of this action, as reflected on the firm’s billing statements, were both reasonable and necessary. (Id.
at Ex. B at ¶¶ 5-6, Ex. C at ¶ 13). Defendant did not provide the Court with any evidence to dispute
the opinions in Plaintiff’s affidavits, and the Court finds no reason to dispute or question those
opinions. Therefore, Plaintiff is awarded court costs in the amount of $350.
Accordingly, Plaintiff’s request for expenses and costs reasonably incurred in this case is
GRANTED in part and DENIED in part. By separate document, judgment shall be entered against
Defendant in the amount of $350 for expenses and costs.
Finally, Plaintiff also seeks to recover $275.00 charged by Fleming for his work as an expert
in this matter. None of the agreements at issue contain unambiguous terms by which Defendant
agrees to pay expert fees, unlike the provision noted in Wachovia Bank, Nat’l Ass’n, supra.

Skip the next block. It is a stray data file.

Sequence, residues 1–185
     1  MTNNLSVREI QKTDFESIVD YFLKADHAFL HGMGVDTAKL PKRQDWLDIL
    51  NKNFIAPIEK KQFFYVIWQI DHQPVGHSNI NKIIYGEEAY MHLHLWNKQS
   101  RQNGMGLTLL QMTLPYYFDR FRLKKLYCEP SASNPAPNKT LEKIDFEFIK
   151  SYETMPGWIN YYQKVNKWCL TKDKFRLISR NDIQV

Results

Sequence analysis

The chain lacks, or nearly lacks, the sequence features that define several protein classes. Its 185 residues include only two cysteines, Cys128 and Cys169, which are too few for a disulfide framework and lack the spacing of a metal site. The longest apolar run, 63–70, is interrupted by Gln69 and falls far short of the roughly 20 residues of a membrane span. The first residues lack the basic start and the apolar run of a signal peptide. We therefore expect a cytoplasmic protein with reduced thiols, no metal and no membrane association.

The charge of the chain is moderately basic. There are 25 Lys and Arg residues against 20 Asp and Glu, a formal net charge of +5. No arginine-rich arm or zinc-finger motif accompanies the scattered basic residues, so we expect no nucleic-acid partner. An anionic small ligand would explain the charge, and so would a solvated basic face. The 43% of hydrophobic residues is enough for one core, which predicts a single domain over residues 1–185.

Moreover, an Alabama “trial court does not have the discretion to award fees for expert witnesses
unless a statute authorizes the recovery of such fees.” Se. Envtl. Infrastructure, L.L.C. v. Rivers, 12
So. 3d 32, 52 (Ala. 2008) (internal quotations omitted). Plaintiff has not identified any Alabama
statute which would authorize its recovery of expert fees in this matter, nor has it demonstrated how
this expert fee is “a component of otherwise compensable attorneys fees[.]” Id. (internal quotations
omitted). Therefore, Plaintiff’s request for expert fees is DENIED.
For the reasons set forth above, it is ORDERED that Plaintiff=s Motion for Attorney Fees
and Expenses (Doc. 21) is GRANTED in part and DENIED in part and that, in addition to those
amounts set out in this Court=s Judgment of April 28, 2011 (Doc. 20), the Defendants is also liable to
Plaintiff for $11,810.00 in reasonable attorneys’ fees and $350.00 in expenses and costs ($12,160.00
An Amended Judgment consistent with the terms of this Order shall issue
DONE and ORDERED this the 27th day of May, 2011.
/s/ Kristi K. DuBose
KRISTI K. DuBOSE
UNITED STATES DISTRICT JUDGE
Disclaimer: Justia Dockets & Filings provides public litigation records from the federal appellate and district courts. These filings and docket sheets should not be considered findings of fact or liability, nor do they necessarily reflect the view of Justia.
Why Is My Information Online?